Teaching Lil to toss a Frisbee in a discus-like manner involved stringing together a few rather complex behaviors including: catching a Frisbee, spinning in a 360 degree circle while holding the Frisbee, and whipping her head to the side and releasing the Frisbee at a precise moment so it flies back towards me.
This trick started by capturing a behavior that a lot of puppies do naturally: throwing toys into the air. Over time, Lil learned to flip toys higher and higher in the air, and it was not uncommon to see a toy fly across the living room while we were watching TV (which looks so funny). The “Flick It” trick is now mostly under stimulus control so she rarely flips toys across the Living Room anymore. This is a good thing since Lil considers anything on the floor to be a potential toy and a marrow bone came close to hitting the TV screen once.
Here is how Lil learned this trick:
As I mentioned, she already knew how to flip a toy over her shoulder so I started by throwing the Frisbee just beyond her reach so she had to turn away from me to pick it up, which put her in a perfect position to flip the Frisbee back to me over her shoulder.
The first few times, I clicked and rewarded Lil for just picking up the Frisbee. When she heard the Click, she’d drop the Frisbee and run to me for a treat. Little by little, I started delaying the click, so Lil started turning back towards me with the Frisbee still in her mouth, before I clicked. Her enthusiasm for the game, along with her past experience of flipping toys over her shoulder, made it easy for her to start tossing the Frisbee by whipping her head to the side while she turned.
At that point, my placement of the Frisbee dictated the direction of the toss. So I refined that position to make it easier and easier for her to throw it back to me vs. in a random direction. And since Lil was then able to throw the Frisbee 90% of the time, I started rewarding only “better than average” performances (direction OR velocity). It looked good, and was fairly consistent, so I left the trick alone for a long time, thinking it was complete.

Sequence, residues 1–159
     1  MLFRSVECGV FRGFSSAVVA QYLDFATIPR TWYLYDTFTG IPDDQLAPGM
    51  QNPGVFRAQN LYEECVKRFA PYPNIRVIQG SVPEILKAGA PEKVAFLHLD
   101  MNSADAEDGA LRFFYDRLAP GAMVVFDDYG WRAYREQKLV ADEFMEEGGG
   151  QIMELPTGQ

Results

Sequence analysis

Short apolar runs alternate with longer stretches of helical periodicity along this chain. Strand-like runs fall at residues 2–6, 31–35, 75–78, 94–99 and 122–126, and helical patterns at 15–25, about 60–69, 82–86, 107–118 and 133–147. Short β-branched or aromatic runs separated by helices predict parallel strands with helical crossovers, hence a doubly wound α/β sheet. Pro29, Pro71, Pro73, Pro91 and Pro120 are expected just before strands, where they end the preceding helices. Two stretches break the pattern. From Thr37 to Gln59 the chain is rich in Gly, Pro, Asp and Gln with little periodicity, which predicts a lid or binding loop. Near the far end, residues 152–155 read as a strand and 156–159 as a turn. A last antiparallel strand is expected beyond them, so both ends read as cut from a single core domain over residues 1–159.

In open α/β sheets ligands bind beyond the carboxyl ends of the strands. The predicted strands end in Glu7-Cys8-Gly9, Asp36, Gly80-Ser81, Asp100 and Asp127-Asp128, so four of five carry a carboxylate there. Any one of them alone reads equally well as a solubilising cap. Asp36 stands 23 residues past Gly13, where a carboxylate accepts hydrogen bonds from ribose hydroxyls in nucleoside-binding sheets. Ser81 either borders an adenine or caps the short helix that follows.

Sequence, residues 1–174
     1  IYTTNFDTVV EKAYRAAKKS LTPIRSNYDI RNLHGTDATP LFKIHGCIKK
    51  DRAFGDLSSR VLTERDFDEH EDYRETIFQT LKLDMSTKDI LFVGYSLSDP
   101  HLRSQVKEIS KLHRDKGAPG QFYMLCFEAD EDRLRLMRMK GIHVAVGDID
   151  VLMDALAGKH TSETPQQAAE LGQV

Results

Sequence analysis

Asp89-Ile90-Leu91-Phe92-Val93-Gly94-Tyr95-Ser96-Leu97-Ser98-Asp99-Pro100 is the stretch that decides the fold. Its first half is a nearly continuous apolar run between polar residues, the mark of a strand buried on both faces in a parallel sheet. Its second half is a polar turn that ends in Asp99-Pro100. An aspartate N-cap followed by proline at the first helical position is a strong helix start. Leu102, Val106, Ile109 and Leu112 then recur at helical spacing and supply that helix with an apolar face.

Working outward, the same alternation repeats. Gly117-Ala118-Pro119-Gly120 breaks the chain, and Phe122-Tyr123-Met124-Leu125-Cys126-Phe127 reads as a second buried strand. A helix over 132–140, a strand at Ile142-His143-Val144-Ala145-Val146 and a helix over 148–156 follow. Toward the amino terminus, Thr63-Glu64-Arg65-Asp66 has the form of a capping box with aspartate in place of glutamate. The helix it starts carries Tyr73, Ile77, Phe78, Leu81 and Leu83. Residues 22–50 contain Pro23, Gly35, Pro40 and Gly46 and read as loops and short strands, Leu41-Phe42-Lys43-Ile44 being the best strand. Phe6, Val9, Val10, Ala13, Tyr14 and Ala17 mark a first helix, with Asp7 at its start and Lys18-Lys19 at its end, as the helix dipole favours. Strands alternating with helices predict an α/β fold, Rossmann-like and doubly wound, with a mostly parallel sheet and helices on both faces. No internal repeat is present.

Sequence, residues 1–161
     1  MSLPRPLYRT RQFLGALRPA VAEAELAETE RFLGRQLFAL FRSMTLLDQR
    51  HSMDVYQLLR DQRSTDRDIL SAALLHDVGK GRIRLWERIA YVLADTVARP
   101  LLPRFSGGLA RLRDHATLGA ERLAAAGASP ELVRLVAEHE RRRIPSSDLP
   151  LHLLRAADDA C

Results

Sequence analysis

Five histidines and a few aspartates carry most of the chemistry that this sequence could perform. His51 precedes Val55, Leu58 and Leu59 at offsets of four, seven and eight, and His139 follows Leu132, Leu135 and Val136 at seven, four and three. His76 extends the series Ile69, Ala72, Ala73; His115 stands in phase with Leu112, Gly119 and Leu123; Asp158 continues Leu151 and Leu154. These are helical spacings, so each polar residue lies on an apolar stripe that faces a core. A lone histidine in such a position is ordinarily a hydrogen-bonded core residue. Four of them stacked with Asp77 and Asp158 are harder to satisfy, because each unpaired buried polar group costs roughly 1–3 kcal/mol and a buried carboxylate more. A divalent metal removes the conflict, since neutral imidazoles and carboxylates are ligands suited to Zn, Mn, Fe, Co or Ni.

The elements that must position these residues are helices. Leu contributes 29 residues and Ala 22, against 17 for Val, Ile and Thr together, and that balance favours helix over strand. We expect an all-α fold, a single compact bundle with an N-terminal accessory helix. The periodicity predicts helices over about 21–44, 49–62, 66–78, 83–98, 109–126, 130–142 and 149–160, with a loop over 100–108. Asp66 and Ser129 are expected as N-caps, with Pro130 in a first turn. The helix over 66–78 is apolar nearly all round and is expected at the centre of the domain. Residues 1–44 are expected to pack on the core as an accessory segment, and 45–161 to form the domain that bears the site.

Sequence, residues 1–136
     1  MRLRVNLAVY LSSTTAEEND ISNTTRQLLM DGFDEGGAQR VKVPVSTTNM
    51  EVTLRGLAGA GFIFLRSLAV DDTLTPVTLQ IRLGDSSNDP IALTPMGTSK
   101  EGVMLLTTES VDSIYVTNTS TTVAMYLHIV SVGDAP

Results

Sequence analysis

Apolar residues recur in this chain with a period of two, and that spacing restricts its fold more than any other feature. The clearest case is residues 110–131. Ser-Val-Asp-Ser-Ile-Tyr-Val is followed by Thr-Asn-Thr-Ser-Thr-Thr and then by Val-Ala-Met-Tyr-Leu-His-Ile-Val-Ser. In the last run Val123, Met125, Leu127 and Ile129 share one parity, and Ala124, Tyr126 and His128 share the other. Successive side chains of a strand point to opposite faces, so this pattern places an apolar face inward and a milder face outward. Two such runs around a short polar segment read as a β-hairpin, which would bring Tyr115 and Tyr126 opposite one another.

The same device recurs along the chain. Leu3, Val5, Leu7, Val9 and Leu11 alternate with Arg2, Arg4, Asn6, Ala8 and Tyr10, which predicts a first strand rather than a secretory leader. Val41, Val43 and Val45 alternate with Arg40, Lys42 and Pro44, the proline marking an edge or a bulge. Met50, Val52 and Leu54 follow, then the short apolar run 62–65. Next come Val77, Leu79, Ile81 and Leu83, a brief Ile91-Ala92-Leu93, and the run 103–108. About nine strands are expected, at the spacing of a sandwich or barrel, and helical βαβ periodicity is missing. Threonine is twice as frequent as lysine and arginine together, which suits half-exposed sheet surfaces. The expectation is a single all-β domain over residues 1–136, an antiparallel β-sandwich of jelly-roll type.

Somewhere along the line though, the idea occurred to me that it would be super cute if Lil learned to catch the Frisbee before flipping it back to me. But this would mean that Lil needed to learn how to flip the Frisbee back towards me from any position.
I started this new phase of training by rewarding Lil for just holding the Frisbee in her mouth. I quickly added that behavior to another trick she already knew: how to do a 360 degree spin. Once she was able to hold the Frisbee and turn 360 degrees without dropping it, I needed to figure out how to add the “head whip.” The only way I could think of was to alternate training two separate behaviors: “360 spins while holding the Frisbee,” and the “head whip” from Lil’s original Frisbee trick.
I figured eventually the two behaviors would start to blend. Plus I couldn’t come up with a better plan! 🙂 Not surprisingly, the direction of Lil’s tosses went out the window for a while as she often released the Frisbee too early. But I rewarded any tosses that had good “head whip”/ velocity regardless of the direction, and I also rewarded any full 360 degrees turns while hold the Frisbee, even it she just dropped it after the spin.
I didn’t train this regularly at all, often taking weeks or even months off between sessions. When I did bring the Frisbee out, I just clicked and rewarded “better than average” performances (velocity OR direction). And as you can see in the video it is slowly coming together. ps–Some sessions have better Frisbee velocity than what was shown on the video, but I was very happy with the results of that particular session because I thought Lil was really trying to spin AND toss the Frisbee towards me in one motion.
Over time, I think Lil will be able to blend “the catch, the spin and the release” into one fluid motion. I also anticipate the Frisbee will gain more and more velocity as Lil learns to whip her head to the side at the precise moment necessary to use the momentum of the 360 turn the way a discus thrower does.